European carmaker Stellantis on Tuesday said it was keeping its Vauxhall plant in northern England, which will become the group's first factory to produce a solely battery-electric vehicle.
It is pumping £100 million ($138 million, 117 million euros) into the facility, with help from the UK government, to produce electric light commercial vehicles and passenger vans, Stellantis announced in a statement.
Stellantis, which was created in January via the merger of French giant PSA and Italian carmaker Fiat, has been mulling the future of Vauxhall's Ellesmere Port plant on the northwest English coast, which employs more than 1,000 staff.
Prime Minister Boris Johnson described the news as "a huge vote of confidence" in Britain's post-Brexit economy.
UK Business Secretary Kwasi Kwarteng added that the development "will secure thousands of jobs across the region in the supply chain".
Stellantis became the world's fourth biggest carmaker by volume after marrying PSA brands Peugeot and Citroen with Fiat, Chrysler, Jeep, Maserati and others.
Vauxhall, along with Opel, became part of PSA in 2017 after it purchased General Motors' European subsidiary.
From next year, the Ellesmere Port plant will produce an electric light commercial vehicle and passenger car variant for each of the Citroen, Opel, Peugeot and Vauxhall brands for sale in the UK and abroad.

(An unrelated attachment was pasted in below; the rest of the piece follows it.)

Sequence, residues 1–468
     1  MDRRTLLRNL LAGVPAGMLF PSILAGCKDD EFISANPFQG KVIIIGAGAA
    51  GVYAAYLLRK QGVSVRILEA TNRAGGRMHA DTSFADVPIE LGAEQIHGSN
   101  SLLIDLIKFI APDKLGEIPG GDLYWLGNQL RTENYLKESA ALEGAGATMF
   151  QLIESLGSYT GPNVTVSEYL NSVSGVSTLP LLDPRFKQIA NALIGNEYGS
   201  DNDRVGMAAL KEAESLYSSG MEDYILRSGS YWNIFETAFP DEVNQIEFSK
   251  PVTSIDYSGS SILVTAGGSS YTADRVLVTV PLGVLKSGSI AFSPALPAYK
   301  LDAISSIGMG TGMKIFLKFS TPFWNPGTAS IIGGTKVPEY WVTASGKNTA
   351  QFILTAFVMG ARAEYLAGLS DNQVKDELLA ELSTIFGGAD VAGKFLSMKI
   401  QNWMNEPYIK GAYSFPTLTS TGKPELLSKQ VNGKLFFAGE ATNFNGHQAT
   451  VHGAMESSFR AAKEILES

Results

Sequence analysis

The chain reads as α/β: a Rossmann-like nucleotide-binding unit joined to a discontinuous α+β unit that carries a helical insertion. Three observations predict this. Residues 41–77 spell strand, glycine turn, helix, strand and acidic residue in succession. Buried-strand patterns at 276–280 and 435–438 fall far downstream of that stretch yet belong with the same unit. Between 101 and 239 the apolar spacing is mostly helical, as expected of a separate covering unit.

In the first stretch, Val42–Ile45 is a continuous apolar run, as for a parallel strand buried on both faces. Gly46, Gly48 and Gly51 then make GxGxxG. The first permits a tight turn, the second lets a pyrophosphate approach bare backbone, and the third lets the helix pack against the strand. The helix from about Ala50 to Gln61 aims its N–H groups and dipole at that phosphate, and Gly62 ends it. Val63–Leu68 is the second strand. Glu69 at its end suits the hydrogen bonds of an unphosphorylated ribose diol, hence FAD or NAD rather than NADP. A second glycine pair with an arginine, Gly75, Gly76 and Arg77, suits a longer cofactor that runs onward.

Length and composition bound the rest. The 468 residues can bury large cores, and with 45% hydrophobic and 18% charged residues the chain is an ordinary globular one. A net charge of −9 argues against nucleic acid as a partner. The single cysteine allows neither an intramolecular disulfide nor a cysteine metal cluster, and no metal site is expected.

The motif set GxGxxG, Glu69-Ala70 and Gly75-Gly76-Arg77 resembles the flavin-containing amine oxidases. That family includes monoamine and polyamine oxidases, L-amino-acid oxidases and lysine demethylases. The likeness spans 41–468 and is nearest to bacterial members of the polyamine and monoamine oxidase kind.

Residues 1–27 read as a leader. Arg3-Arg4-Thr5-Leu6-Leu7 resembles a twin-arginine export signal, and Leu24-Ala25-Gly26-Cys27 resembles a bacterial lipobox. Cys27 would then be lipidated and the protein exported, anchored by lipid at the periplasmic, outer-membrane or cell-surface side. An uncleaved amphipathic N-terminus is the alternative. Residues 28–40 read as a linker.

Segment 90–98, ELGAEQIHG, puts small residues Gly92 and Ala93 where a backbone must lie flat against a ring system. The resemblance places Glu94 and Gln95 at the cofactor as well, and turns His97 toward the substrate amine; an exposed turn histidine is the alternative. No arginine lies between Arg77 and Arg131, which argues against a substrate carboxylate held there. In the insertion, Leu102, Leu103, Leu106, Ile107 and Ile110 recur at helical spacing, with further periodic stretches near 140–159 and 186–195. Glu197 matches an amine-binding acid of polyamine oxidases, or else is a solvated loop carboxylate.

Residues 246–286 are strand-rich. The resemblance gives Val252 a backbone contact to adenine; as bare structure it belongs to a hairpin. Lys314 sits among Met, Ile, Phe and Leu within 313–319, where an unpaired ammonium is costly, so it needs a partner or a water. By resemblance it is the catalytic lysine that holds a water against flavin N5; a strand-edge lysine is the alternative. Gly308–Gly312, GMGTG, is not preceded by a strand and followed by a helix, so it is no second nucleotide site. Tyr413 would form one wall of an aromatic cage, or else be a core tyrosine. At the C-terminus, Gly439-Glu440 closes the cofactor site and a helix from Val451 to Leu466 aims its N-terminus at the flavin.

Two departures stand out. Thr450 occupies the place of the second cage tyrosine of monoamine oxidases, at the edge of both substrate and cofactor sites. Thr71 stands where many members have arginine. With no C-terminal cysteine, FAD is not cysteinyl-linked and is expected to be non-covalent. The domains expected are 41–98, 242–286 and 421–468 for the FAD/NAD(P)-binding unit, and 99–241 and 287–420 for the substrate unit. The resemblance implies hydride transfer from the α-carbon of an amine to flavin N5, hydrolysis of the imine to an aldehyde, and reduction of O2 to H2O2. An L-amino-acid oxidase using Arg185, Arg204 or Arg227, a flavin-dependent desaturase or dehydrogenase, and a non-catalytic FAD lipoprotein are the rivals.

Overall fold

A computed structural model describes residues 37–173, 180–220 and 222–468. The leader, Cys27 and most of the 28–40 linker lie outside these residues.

The passenger car versions will have up to seven seats.
A separate Vauxhall factory in Luton, near London, is reportedly operating at full capacity to produce vans.
"Producing battery electric vehicles... (at Ellesmere) will support clean, safe and affordable mobility," said Stellantis chief executive Carlos Tavares.
The company added that its "dedication to battery electric vehicles will go towards achieving the UK government's decision to stop sales of pure petrol and diesel engined vehicles from 2030".
- 'Global race' -
Car manufacturers are rapidly shifting away from vehicles that run on fossil fuels, as governments ramp up efforts to meet net zero carbon emissions by 2050.
"In this global race to secure electric vehicle production, we are proud to support Britain's auto sector," Kwarteng added.
Stellantis on Tuesday said it was looking at Ellesmere Port becoming carbon neutral by 2025.
British trade union Unite hailed news that the plant's future had been secured.
"Unite has battled for years to secure the future of this site," said Unite general secretary Len McCluskey.
"At times the uncertainly has been unbearable but these plans have ended that, with Ellesmere Port's workers now set to proudly play a leading role in the UK's green transport revolution."
Thanks also to UK government investment, Japanese carmaker Nissan last week unveiled plans to build a massive battery factory in northeastern England, where it will also manufacture a new electric vehicle.
The battery plant, which will power up to 100,000 Nissan electric vehicles annually.
Europe now has projects to build dozens of huge battery factories that could potentially produce 16.7 million battery-electric vehicles by 2030, according to Transport & Environment, a non-governmental organisation.